Page 1 Qual-Tech Engineers, Inc.
OVERCURRENT COORDINATION GUIDELINESFOR INDUSTRIAL POWER SYSTEMS
For industrial applications in the United States, overcurrent coordination is generallyperformed in accordance with the “IEEE Recommended Practice for Protection andCoordination of Industrial and Commercial Power Systems”, Standard 242 (Buff Book)with protective device settings conforming to the applicable sections of the NationalElectrical Code (NEC). Generally, guidelines for achieving good coordination areoutlined in this document.
Overcurrent protection schemes are generally designed with a primary means ofclearing a fault, as well as one or more backup methods. Where possible, it is preferredthat instantaneous methods of detecting overcurrent be used as the primary protectionmethod on all of the major equipment associated with the power system. Instantaneousclearing of a fault is desirable:(1) to minimize the damage due to the fault,(2) to minimize the potential exposure of personnel to the hazards of an arc flash,and(3) to avoid long clearing times that could result in the entire system becomingunstable, resulting in a complete loss of power to the system.Instantaneous methods of relaying generally include differential, pilot wire, andimpedance relays. Backup protection is generally accomplished with time overcurrentrelays and impedance relays with a time delay.Good objectives for clearing times are:(1) that the primary protection clear a fault in less than 0.25 seconds for themaximum available fault current and(2) that the backup protection clear a fault in less than 1.00 seconds for themaximum available fault current.Faster clearing times are desirable whenever it is possible for the three reasons givenabove.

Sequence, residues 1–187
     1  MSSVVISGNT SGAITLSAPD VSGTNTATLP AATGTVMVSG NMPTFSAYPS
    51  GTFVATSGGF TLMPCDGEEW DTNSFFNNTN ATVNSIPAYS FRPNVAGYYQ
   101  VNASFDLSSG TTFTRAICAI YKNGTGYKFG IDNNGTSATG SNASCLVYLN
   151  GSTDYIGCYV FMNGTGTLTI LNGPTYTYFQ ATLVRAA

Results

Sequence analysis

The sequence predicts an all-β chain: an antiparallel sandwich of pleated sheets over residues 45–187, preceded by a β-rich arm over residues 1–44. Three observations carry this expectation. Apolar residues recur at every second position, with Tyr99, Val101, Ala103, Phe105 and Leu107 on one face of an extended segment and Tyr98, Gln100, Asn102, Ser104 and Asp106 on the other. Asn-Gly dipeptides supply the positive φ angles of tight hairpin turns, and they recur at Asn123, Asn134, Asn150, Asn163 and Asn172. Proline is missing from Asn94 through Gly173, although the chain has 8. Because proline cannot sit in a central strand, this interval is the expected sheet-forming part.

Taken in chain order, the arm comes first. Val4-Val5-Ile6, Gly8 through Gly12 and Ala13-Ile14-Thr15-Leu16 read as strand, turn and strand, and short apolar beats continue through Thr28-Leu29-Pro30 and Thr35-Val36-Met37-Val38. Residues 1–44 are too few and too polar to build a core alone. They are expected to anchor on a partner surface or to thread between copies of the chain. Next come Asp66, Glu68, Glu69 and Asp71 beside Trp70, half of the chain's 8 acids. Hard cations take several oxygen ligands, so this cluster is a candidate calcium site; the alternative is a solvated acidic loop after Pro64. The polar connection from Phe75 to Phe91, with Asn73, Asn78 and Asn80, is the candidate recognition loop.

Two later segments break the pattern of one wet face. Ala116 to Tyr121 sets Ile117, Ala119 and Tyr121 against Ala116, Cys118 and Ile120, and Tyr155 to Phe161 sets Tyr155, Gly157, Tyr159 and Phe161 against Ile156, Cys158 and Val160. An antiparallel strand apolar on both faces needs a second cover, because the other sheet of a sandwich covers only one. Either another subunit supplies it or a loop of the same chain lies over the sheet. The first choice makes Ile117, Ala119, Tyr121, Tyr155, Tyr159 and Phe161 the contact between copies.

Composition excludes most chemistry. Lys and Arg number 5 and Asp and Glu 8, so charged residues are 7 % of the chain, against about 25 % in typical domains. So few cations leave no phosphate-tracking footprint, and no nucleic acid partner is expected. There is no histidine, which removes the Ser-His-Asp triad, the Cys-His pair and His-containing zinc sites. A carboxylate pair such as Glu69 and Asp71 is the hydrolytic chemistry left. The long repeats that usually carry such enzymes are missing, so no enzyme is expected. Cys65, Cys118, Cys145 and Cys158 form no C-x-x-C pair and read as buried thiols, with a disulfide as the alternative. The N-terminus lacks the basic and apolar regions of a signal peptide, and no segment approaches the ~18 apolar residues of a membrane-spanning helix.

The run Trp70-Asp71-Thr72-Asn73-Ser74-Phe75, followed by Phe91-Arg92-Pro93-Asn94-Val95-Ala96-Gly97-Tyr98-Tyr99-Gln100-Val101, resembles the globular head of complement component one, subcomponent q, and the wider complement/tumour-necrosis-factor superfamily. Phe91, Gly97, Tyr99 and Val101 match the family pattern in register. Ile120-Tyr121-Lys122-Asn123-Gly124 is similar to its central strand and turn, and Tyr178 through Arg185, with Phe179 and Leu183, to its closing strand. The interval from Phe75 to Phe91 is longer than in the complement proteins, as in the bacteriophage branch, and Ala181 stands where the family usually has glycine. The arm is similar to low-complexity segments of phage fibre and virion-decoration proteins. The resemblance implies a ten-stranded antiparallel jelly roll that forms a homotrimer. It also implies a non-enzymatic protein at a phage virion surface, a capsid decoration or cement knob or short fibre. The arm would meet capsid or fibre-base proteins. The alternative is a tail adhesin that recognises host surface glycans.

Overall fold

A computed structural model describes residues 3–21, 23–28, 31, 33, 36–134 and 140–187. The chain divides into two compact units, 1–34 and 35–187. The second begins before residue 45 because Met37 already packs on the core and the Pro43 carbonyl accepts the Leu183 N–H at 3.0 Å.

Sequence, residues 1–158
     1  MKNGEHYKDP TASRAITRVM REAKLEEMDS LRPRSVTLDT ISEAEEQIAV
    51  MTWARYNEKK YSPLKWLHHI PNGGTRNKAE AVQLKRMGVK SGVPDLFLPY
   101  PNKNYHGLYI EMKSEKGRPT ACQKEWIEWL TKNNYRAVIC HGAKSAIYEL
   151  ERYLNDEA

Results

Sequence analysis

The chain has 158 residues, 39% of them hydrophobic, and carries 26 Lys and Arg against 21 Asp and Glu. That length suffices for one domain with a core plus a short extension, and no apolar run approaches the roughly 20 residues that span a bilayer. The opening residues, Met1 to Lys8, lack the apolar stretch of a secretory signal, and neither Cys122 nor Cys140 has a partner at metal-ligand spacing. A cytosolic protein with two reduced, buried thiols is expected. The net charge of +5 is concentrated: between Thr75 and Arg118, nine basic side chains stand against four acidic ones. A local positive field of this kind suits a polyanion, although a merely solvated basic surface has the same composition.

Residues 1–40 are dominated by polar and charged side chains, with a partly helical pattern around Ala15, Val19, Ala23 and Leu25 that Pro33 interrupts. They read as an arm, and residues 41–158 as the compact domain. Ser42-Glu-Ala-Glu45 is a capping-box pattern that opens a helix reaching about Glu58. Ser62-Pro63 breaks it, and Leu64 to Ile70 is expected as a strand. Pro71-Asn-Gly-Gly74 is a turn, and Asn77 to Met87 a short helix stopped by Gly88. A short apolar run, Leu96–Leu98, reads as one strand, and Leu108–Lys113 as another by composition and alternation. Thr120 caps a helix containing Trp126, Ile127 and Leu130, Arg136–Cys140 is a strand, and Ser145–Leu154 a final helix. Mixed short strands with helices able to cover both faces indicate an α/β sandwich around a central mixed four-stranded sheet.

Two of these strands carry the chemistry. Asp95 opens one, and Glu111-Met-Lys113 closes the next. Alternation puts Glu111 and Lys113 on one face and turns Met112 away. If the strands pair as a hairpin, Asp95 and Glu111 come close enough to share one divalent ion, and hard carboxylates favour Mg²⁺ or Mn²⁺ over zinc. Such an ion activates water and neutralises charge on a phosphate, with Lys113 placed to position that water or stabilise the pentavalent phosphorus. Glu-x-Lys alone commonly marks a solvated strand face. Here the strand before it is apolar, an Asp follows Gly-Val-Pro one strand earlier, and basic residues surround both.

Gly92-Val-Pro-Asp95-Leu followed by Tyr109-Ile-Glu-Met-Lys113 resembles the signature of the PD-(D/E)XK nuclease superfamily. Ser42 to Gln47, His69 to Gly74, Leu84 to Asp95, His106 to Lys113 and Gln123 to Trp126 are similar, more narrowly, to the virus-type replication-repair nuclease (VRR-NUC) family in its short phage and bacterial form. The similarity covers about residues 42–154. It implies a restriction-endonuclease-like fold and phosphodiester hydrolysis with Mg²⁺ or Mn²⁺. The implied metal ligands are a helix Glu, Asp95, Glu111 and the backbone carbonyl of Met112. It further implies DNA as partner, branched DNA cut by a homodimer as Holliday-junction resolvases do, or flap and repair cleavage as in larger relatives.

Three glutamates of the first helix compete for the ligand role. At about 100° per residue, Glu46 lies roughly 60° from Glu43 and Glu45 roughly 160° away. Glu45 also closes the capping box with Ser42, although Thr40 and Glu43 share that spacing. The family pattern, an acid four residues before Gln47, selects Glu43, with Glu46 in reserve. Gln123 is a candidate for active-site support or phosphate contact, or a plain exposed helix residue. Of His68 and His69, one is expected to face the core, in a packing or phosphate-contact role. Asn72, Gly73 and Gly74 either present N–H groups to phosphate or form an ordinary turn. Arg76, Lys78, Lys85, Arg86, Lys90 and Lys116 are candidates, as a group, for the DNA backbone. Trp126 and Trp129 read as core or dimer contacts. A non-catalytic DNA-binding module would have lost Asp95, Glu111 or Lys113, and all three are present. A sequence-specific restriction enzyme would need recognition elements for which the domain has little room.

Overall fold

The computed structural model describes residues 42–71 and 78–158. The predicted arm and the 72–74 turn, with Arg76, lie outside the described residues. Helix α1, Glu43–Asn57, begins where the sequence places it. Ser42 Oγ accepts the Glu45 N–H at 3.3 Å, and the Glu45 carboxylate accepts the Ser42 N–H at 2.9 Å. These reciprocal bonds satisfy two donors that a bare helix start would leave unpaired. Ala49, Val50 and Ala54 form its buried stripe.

2.0 CONTINUOUS CURRENT SETTINGS
Protective device continuous current settings conform to the following requirements:1. Overcurrent protective devices at 480V are set to open at or below thedownline cable or busway ampacity per NEC Section 240.3; except when theampacity does not correspond to a standard rating, the next higher standardrating may be used as long as this rating does not exceed 800 amps.2. Transformer overcurrent protective device settings comply with therequirements of NEC Section 450.3.3. Long time settings of overcurrent devices are above the maximum expectedfull load current for that device.